June 11, 2013

Book Review: Watercolour for the Absolute Beginner

My First Still Life from Watercolour for the Absolute Beginner

In high school I had to choose between the music and the art track. Since my art career at that point had consisted mostly of C's and D's, choosing the music track was obvious. However, decades later I'm still trying to tell my inner artist that it's safe to come out now. After discovering some gorgeous watercolor journals and wanting to capture some of the spirit of my blooming garden, I decided to dig out my daughter's watercolors and give this medium a chance.For guidance I turned to Watercolour for the Absolute Beginner by Crawshaw, Finmark, and Waugh.
Learning how to work with shadows

This book is really a compilation of three separate books. Alwyn Crawshaw begins by teaching the fundamentals of watercoloring. He covers different painting techniques, mixing colors, and adding shadows. From there he proceeds to apply the techniques to paint a series of different objects: fruits, vegetables, flowers, skies, landscapes and so forth. Sharon Finmark focuses on painting people and Trevor Waugh explains how to paint animals.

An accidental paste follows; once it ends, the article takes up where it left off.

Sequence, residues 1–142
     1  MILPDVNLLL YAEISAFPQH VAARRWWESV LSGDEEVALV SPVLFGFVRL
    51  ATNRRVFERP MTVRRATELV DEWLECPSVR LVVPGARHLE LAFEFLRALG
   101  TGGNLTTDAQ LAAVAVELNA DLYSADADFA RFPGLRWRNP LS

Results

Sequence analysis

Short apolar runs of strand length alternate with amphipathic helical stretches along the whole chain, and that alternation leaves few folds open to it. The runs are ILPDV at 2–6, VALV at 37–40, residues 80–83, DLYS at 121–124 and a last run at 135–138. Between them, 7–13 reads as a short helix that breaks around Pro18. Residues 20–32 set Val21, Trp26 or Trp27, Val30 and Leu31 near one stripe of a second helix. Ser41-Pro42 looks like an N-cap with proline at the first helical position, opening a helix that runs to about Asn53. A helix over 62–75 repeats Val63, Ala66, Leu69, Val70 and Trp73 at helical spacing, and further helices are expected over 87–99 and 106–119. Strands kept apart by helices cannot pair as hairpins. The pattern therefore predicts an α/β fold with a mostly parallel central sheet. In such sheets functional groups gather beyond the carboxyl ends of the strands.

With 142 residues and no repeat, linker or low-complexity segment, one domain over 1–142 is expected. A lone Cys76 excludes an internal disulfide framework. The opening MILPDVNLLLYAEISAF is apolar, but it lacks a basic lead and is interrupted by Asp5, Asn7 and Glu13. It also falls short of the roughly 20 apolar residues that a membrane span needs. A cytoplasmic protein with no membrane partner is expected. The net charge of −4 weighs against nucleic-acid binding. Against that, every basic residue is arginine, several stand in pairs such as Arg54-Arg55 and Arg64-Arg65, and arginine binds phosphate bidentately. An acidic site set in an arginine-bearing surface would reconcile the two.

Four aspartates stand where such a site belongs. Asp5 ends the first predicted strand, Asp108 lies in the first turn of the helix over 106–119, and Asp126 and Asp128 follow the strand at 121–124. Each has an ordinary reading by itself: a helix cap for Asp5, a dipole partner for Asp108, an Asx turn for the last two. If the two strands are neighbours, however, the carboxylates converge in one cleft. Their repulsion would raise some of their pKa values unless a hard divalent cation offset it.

I'm still at the very beginning of the book (page 40 out of 224), but feel like I've already learned a lot. The instructions are fairly clear and I'm having fun mixing colors. The exercises change frequently enough to make this endeavor very interesting and engaging. Whenever I have trouble, I turn to YouTube videos for further explanation (I think washes need a lot of practice). Most importantly, this venture is serving as a confidence builder allowing me to move from copying exercises to documenting my surroundings. Sooner or later I will want to move on to an in person class so I can learn from peers and get some feedback on what I am doing. But as an introduction to this art, this book has been a great inspiration for me.

Are you learning a new skill this summer?


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